Knowing my narcoleptic tendencies and the amount of energy required to clean the whole apartment and perform cosmetic repairs, I decided a triple shot of espresso would be just the thing to get me through the night. I went to Cafe Roma, the local cafe of ill repute, for caffeinated beverage. Bad idea, but I wouldn’t know that until later.
I cleaned the upstairs and downstairs bathrooms, vacuumed my room, bleached the fridge, and was working on cleaning the oven when my stomach started feeling a little funny. The situation deteriorated quickly as my body tried every way it knew how to get rid of the noxious substance I had ingested after dinner. My very drunk and totally useless subletter/friend came home at 3 a.m. and found me shaking and sweat-soaked, curled in a fetal position on the kitchen floor with the spins, feeling drunker than he was. That was my all-time coffee low point.*
But that’s not what you asked for.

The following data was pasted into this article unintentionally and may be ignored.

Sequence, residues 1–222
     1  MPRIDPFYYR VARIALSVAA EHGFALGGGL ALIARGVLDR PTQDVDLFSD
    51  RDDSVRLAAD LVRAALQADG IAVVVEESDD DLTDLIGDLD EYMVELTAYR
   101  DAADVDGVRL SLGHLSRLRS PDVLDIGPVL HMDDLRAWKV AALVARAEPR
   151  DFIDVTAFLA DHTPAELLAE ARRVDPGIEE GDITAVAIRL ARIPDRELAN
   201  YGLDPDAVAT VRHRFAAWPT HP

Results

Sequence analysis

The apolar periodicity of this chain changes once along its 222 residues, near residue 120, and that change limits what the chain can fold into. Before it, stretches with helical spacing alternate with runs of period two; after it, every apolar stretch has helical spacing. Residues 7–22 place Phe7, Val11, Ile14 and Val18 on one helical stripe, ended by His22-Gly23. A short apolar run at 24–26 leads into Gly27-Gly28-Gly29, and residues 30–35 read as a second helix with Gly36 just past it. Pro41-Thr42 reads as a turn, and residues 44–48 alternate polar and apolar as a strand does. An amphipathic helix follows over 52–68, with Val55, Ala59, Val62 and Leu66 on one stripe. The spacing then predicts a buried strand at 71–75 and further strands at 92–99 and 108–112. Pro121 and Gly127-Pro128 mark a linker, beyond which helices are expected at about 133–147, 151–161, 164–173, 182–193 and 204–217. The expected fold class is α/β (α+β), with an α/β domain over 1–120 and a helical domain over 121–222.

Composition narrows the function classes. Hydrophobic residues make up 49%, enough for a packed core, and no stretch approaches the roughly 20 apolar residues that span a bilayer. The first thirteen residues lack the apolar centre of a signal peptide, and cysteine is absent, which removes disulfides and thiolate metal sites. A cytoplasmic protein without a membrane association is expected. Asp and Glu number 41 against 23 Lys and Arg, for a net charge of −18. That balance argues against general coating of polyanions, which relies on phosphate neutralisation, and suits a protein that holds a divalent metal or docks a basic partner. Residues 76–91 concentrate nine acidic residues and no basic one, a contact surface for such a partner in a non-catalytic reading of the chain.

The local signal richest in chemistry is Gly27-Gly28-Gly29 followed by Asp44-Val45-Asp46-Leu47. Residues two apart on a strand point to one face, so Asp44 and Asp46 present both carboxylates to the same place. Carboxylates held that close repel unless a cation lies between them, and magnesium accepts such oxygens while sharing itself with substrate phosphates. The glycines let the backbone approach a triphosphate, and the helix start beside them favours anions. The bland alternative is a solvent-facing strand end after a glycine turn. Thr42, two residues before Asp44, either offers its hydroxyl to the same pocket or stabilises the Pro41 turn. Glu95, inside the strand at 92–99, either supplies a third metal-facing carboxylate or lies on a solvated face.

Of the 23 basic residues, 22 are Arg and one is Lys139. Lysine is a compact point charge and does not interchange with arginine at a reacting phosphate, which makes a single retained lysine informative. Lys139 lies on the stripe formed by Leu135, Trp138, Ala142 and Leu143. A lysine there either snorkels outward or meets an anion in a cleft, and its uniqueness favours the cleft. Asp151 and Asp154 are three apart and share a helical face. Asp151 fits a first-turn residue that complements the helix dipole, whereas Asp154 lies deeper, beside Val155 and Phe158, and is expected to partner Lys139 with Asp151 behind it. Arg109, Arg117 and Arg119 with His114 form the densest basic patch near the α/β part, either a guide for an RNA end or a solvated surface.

If you want a cheesy Folgers feel-good coffee moment, maybe it was the Christmas when I was 21 and mom took me to Vienna, where she had been a 21-year-old Fulbright scholar back in the 1960s. She took me to Cafe Hawelka, which had been her regular haunt as a student (look it up online – it’s a cool place, and she was right about the decor). When we walked in, she exclaimed that she thought the dark red velvet on the booths was the same fabric that had been there when she was a student. The walls looked like they’d been shellacked with nicotine, the legacy of 65 years of cigarette smoking intellectuals frequenting the cafe. We had coffee and sachertorte and bonded, sort of, as much as you can bond with a…I guess maybe this would be more one of HER best coffee moments because I spent most of my twenties trying to evade what I perceived to be her pathological need for closeness, telling her about my friends’ lives so she’d think she knew something about my life, while I knew she knew nothing meaningful about it. Vienna was great, and going there with my mom provoked a lot of internal conflict in my only slightly post-adolescent self. Now, we are really far away from coffee, but you know — Vienna, Freud, psychoanalysis, hostile relationship with Mom — it all makes sense in my head.